Jan 27, 2020 - Economy & Business

23% of Americans say they cut back on meat in 2019

Heirloom tomatoes in Denver, Colorado
Heirloom tomatoes in Denver, Colo., in 2019. Photo: Robert Alexander/Getty Images

A Gallup survey found that 23% of 2,431 adults reported eating less meat in the past year than they had in 2018, while the vast majority (72%) say they ate the same amount of meat.

Why it matters: A meat-intensive diet can increase a person's chances of developing certain illnesses like heart disease and require more resources to produce compared to a vegetable-based diet.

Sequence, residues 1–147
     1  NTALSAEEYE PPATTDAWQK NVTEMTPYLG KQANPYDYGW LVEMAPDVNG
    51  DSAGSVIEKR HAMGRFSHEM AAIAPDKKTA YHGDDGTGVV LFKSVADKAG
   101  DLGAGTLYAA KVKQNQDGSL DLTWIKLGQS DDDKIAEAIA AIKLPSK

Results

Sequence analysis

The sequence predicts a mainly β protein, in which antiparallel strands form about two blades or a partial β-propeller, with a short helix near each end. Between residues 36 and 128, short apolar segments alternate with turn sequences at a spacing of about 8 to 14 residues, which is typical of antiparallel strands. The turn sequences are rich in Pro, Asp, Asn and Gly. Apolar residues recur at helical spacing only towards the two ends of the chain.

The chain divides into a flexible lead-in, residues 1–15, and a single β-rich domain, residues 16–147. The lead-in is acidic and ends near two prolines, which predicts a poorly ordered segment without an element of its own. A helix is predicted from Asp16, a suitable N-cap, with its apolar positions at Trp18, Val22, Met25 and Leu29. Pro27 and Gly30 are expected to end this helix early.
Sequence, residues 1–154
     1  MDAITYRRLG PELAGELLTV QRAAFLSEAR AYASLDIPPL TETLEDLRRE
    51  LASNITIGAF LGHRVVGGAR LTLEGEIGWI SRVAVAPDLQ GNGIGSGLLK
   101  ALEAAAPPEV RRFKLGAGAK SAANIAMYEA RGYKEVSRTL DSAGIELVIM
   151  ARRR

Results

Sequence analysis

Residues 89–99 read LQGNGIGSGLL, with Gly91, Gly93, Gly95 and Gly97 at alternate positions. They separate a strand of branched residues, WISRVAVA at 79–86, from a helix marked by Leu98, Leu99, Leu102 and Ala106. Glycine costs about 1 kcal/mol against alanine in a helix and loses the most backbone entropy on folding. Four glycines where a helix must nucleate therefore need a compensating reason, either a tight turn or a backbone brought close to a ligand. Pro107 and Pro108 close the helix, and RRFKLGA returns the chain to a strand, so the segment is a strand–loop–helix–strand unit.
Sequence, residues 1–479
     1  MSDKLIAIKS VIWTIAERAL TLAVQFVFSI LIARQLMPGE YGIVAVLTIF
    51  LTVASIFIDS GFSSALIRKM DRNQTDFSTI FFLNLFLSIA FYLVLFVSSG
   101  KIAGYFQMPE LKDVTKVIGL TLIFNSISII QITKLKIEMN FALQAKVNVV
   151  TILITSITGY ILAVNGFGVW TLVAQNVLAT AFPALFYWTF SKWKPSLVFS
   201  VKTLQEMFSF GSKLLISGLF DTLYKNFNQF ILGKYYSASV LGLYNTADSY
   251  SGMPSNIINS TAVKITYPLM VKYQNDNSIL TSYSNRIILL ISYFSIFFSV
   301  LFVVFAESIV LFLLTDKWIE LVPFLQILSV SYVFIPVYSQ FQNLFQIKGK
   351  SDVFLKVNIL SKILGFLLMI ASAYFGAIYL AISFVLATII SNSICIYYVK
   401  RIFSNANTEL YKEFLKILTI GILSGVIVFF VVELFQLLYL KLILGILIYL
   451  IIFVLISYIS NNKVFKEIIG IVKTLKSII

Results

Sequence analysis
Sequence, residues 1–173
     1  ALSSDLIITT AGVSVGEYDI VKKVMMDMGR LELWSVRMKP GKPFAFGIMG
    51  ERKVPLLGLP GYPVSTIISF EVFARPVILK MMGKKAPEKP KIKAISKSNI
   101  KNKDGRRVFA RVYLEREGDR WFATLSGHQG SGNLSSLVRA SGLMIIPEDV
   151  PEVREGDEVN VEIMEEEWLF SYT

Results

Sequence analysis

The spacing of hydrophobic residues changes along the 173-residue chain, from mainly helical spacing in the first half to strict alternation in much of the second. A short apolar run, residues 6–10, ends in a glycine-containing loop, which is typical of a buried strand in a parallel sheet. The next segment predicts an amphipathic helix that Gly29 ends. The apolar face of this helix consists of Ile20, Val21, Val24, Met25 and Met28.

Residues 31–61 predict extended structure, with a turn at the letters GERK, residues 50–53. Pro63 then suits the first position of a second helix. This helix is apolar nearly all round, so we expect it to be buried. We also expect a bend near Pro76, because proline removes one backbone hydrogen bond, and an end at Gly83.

The big picture: 67% of U.S. adults said they eat beef, chicken or pork "frequently," while 23% said they eat meat "occasionally" and 7% "rarely" eat it. Just 3% reported "never" eating meat.

  • Women were about twice as likely as men to report having cut down on meat consumption.

Methodology: This survey was conducted Sept. 16-30, 2019, with a random sample of 2,431 adults, aged 18 and older, living in all 50 U.S. states and the District of Columbia. For results based on the total sample of national adults, the margin of sampling error is ±2 percentage points at the 95% confidence level.

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